Search results

1 – 8 of 8
To view the access options for this content please click here
Article
Publication date: 10 September 2021

Ismail Badraoui, Ivo van der Lans, Youssef Boulaksil and Jack G.A.J. van der Vorst

This study investigates the impact of agri-food supply chains (AFSCs) characteristics on the antecedents of horizontal logistics collaboration (HLC). Specifically, the…

Abstract

Purpose

This study investigates the impact of agri-food supply chains (AFSCs) characteristics on the antecedents of horizontal logistics collaboration (HLC). Specifically, the study compares the relationship between collaboration activities and outcomes for companies in and outside AFSCs.

Design/methodology/approach

First, a survey was used to collect data from different industries. Second, confirmatory factor analysis and structural equation modeling were applied to compare the measurement and structural models from different industry categories.

Findings

The results support the premise that collaboration improves trust and commitment in the relationship, which in turn enhance satisfaction. The results also show the existence of a minor influence of AFSCs characteristics on HLC antecedents, in the form of an indirect impact of dedicated investments on commitment.

Practical implications

The factors having a significant influence on the collaboration outcomes and their respective effects are generally similar across food and nonfood supply chains, providing opportunities for interdisciplinary and collaboration experiences.

Originality/value

This research contributes to the body of knowledge on interfirm collaboration by considering the specificities of HLC. It also highlights the importance of conducting contingency research on collaborative experiences, as firms from different industry contexts operate under distinct operational conditions.

Details

The International Journal of Logistics Management, vol. ahead-of-print no. ahead-of-print
Type: Research Article
ISSN: 0957-4093

Keywords

To view the access options for this content please click here
Article
Publication date: 7 August 2007

Mario Duarte Canever, Hans van Trijp and Ivo van der Lans

This paper aims to assess the effectiveness of different segmentation schemes as the basis of marketing strategy, with particular respect to supply‐chain decisions, and to…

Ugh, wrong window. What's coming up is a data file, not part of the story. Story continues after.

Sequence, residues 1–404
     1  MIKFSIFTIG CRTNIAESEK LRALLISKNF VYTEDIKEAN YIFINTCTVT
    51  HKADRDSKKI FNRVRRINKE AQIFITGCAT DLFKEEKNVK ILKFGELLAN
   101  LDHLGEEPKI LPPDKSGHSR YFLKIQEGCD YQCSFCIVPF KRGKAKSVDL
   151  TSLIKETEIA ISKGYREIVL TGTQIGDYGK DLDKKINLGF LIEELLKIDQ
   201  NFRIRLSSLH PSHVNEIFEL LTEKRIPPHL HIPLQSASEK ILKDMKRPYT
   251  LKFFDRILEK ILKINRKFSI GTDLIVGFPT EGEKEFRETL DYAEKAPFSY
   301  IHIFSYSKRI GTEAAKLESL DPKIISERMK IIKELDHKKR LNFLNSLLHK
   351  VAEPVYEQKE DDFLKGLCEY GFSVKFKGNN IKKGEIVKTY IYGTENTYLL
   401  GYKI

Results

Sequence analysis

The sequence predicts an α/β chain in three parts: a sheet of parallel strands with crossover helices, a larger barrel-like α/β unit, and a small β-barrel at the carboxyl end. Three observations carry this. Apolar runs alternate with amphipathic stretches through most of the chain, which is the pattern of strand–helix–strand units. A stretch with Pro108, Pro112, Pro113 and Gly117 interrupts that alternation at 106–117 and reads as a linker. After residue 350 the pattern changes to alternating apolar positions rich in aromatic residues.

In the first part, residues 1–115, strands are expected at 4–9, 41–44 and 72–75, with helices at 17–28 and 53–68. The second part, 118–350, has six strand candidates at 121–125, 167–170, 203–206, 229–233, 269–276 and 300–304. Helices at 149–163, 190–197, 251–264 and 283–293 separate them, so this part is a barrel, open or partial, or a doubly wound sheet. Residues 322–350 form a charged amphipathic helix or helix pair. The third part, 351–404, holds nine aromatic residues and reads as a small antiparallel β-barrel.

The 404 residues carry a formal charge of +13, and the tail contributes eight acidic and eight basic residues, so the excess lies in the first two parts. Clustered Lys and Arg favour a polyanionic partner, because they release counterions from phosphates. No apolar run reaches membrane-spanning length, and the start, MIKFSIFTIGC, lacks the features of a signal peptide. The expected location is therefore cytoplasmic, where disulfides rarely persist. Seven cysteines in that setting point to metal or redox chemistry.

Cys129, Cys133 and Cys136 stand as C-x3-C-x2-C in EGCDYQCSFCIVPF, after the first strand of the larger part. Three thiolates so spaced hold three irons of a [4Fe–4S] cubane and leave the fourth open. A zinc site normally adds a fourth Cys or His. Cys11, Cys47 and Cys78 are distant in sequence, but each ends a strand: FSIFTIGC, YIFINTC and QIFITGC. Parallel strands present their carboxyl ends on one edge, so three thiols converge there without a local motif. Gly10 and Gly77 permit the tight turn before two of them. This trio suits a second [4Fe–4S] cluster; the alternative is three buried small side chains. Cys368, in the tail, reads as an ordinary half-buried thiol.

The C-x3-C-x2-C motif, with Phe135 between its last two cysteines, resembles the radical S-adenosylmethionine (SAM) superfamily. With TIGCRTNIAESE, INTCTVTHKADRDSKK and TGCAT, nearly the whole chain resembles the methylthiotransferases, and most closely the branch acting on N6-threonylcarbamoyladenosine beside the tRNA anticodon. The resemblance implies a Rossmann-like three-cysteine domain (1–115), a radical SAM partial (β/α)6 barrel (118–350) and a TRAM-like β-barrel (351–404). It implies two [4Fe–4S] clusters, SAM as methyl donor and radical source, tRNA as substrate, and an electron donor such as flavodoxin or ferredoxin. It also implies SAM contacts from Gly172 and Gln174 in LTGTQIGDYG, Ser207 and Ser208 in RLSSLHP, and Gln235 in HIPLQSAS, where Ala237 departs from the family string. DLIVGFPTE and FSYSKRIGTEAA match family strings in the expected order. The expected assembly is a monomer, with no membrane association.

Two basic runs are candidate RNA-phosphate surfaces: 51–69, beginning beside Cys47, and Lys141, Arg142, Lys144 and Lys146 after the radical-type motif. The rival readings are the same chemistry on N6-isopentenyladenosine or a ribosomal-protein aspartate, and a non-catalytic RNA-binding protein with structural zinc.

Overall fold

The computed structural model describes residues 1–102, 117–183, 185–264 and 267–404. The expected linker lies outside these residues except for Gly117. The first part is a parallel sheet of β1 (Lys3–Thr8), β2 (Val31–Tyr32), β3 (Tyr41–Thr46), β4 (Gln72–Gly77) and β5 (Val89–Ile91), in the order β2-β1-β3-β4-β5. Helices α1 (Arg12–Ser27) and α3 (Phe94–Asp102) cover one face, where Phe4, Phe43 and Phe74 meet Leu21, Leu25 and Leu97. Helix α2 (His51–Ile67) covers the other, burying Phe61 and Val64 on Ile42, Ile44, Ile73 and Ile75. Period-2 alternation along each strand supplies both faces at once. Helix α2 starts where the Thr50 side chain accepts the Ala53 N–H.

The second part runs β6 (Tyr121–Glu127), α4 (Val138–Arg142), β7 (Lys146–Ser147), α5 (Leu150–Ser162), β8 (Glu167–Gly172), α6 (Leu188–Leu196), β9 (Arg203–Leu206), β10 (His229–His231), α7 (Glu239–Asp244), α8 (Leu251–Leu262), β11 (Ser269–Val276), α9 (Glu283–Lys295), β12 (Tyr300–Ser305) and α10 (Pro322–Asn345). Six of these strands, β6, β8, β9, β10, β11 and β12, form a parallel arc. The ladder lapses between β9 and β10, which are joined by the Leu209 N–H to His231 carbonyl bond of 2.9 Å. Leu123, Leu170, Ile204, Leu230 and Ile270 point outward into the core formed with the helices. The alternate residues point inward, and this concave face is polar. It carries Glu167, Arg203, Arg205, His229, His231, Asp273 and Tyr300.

Downloads
2922

Abstract

Purpose

This paper aims to assess the effectiveness of different segmentation schemes as the basis of marketing strategy, with particular respect to supply‐chain decisions, and to propose a new procedure capable of combining benefits sought and features available.

Design/methodology/approach

In a study of buyers and consumers of beef in Brazil, segments based on three approaches were derived by hierarchical cluster analysis, fine‐tuned by K‐means cluster analysis. The outcome was evaluated for the viability and actionability of the preferred procedure, both objectively and through interviews with managers in the beef‐supply business.

Findings

The results revealed that a segmentation scheme combining benefits sought and features available yields more homogeneous and actionable segments, and has real promise as an input to the formulation and implementation of supply‐chain strategy.

Research limitations/implications

This promising innovation in market segmentation requires further study, and testing in the marketplace.

Practical implications

The proposed system is a usable aid to decision making.

Originality/value

The paper proposes an original approach to market segmentation.

Details

Marketing Intelligence & Planning, vol. 25 no. 5
Type: Research Article
ISSN: 0263-4503

Keywords

Content available
Article
Publication date: 7 August 2007

Keith Crosier

Downloads
239

Abstract

Details

Marketing Intelligence & Planning, vol. 25 no. 5
Type: Research Article
ISSN: 0263-4503

To view the access options for this content please click here
Article
Publication date: 1 April 1999

Jo Carby‐Hall

Discusses the transfer of undertakings in the UK, referring to the Transfer of Undertakings (Protection of Employment) Regulations of 1981, the Employment Rights Act 1996…

Downloads
2837

Abstract

Discusses the transfer of undertakings in the UK, referring to the Transfer of Undertakings (Protection of Employment) Regulations of 1981, the Employment Rights Act 1996, and the Acquired Rights Directive 1977. Provides the raison d’etre of the Acquired Rights Directive and outlines how it was implemented in the UK. Talks about the confusing jurisprudence of the European and British courts, mentioning the European Court of Justice’s challenges to the directive, the 1994 proposals, amended 1997 proposals, the Commission’s memorandum of 1997 and the UK government’s consultation papers. Describes how the European Directive is applied and interpreted in relation to the Acquired Rights Directive and transfer of undertakings. Outlines the regulations controlling compulsory competitive tendering. Points out the obligation to inform and consult on the transfer of an undertaking and how the directive is enforced if this fails to occur. Notes the effect a relevant transfer has on existing collective agreements and the legal implications of dismissing employees by reason of the relevant transfer. Looks at the European Commission’s proposal for a directive on safeguarding employees’ rights in the event of transfer and the implications that would have on UK business. Concludes that a new directive is needed, building on the 1977 Directive but ironing out its inconsistencies.

Details

Managerial Law, vol. 41 no. 2
Type: Research Article
ISSN: 0309-0558

Keywords

To view the access options for this content please click here
Article
Publication date: 4 July 2016

Hugo Santana de Figueiredo Junior, Miranda P. M. Meuwissen, Ivo A. Van der Lans and Alfons G. J. M. Oude Lansink

Development studies rarely measure the impact of value chain strategies on performance. The purpose of this paper is to quantify the perceived contribution of strategies…

Abstract

Purpose